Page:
• Cr0nJ0b - Friday, January 18, 2008 - link

    This first time I couldn't get the drive to be seen again by the OS, so I was out of luck...the second time, I had enough of a connection with my quick patch, to allow me to recover the data. I have to agree that it's all my fault that it happened, but in these modern times, did no one on the SATA committee see that this would be an issue? It's a really flimsy connectory...with no housing...It takes almost no force to break on off and the connectors stick out so darn far that the torque from their own weight plus the cable is a continual strain on the connector. This is something that should have been fixed IMO. Reply
  • Ryan Smith - Friday, January 18, 2008 - link

    To be fair, they already have done a bunch of work to fix the problem. Talking to Knut, we get the impression that the problem is very uncommon these days.

    The funny thing is that it seems to vary a lot depending on the manufacturer. For the photos in this this article I broke an old Maxtor hard drive rather than pull apart the repaired drive for photos. The Maxtor refused to break, in spite of bending it far harder than I ever did with the original broken drive it still took some time to wear it down. I can't imagine why, but it seems like some of this is just a roll of the dice, with the plastics used in the connectors not always holding up to the same conditions.
  • RaulF - Friday, January 18, 2008 - link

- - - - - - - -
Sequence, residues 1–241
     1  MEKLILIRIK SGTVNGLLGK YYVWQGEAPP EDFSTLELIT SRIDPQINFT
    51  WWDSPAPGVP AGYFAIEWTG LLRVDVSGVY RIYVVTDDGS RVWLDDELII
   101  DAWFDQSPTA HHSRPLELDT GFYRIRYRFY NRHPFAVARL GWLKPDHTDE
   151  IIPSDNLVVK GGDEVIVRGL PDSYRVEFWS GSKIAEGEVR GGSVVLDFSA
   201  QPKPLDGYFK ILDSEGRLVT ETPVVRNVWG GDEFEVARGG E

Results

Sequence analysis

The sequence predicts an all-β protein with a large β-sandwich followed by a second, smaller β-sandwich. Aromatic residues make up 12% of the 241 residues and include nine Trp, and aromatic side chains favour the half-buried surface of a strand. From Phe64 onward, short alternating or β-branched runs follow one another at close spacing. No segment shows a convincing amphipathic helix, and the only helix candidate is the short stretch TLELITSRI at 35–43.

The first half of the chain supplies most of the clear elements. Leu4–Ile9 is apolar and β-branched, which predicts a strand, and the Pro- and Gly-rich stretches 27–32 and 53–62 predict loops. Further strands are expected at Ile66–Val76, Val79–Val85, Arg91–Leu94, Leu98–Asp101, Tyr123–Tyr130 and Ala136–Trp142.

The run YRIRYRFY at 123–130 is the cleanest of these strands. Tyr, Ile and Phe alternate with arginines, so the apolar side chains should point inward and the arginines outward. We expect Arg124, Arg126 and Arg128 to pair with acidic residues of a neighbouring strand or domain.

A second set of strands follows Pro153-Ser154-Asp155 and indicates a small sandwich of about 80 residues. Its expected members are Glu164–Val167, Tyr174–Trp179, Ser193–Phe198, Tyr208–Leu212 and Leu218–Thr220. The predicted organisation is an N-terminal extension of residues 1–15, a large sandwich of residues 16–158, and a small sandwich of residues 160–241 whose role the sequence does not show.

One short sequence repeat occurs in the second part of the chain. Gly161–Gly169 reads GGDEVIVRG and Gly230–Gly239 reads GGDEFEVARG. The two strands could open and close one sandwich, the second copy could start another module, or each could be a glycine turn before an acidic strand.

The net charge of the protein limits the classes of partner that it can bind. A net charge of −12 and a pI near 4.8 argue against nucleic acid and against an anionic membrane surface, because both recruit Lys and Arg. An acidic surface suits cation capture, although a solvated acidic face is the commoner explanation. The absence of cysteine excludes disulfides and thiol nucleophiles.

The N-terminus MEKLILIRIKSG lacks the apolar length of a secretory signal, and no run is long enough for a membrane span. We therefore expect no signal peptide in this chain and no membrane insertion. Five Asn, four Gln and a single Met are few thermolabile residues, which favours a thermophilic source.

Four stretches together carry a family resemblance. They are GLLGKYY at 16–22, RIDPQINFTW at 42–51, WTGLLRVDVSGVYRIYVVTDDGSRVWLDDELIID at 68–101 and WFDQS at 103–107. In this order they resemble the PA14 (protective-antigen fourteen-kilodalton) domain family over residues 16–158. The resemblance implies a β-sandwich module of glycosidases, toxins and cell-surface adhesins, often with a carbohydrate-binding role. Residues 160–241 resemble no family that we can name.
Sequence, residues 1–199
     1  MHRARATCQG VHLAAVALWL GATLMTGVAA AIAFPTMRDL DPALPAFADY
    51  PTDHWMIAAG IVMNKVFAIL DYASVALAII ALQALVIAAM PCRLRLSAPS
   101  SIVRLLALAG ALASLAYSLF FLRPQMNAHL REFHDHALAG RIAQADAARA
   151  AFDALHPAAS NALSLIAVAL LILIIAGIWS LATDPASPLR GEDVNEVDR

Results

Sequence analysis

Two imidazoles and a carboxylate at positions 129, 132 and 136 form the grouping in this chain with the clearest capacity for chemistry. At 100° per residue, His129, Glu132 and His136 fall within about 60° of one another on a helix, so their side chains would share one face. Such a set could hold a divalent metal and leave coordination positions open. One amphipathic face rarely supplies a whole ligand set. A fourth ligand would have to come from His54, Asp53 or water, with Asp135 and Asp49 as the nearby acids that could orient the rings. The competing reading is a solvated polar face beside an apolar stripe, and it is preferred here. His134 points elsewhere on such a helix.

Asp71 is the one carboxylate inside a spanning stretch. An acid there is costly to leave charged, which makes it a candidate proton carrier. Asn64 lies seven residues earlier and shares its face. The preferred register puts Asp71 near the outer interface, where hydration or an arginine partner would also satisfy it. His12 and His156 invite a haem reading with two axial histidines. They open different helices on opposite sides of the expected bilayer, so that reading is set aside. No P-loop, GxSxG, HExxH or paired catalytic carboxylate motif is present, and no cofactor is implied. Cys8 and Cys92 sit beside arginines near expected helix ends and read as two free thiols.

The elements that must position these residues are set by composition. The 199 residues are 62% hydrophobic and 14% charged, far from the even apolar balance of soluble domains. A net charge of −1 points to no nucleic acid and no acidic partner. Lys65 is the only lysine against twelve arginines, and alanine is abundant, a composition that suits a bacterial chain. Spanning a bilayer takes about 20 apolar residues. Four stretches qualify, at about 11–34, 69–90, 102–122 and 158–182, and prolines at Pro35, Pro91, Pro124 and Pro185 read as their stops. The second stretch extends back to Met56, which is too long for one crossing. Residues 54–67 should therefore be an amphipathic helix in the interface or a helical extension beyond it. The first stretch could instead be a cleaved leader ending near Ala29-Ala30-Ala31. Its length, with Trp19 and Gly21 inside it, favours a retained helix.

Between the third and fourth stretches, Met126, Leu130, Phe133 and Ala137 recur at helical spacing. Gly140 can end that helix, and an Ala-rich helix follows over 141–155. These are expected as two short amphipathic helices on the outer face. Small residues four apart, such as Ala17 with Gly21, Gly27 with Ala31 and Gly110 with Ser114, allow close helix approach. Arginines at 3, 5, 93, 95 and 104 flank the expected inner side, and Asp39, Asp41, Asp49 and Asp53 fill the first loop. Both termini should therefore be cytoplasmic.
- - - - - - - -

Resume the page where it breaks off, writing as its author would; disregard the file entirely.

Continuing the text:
Same for me, im going to glue them today hopefully i'll get a conection. Reply
  • alfredska - Friday, January 18, 2008 - link

    I'm sorry that I don't share in everyone else's enthusiasm, but this is probably the most pointless article I've read on AnandTech to date. Reply
  • JohnnyCNote - Friday, January 18, 2008 - link

    Then why did you read it, and then take MORE time to post a comment? I come across articles all the time that I don't find interesting. I've found that by ignoring them, I can save a lot of time. You may find it will work for you, too . . . Reply
  • KikassAssassin - Friday, January 18, 2008 - link

    This is an issue I hadn't really thought about before when building my PCs, and now it's something I'm going to be watching out for more in the future (and I'm going to be checking my SATA connectors when I get home to make sure they're not being strained), so if reading this article prevents me or others from breaking a hard drive at some point, then it was hardly pointless.

    There's more to building PCs than looking at benchmarks, so I appreciate articles like this try to make the PC builder's life a little bit easier.
  • jasonnovak - Friday, January 18, 2008 - link

    I've done the same thing before while trying to reposition a drive in a case... I didn't think I ever put too much stress on the connector, but it snapped off the same way, with the pins still on the drive and the PCB stuck in the cable end. I was able to carefully slip the cable end/pcb back over the pins, though I should probably glue the cable to the drive so the pins don't snap off at some point. Reply
  • ModelTech - Friday, January 18, 2008 - link

    I'd just like to say thanks for this article. I'm building a new system right now with a 182 case. When I order the drives I now know to order the SATA2 cables with a 90deg bend with them too. You probably saved me a lot of frustration. Keep it up. Reply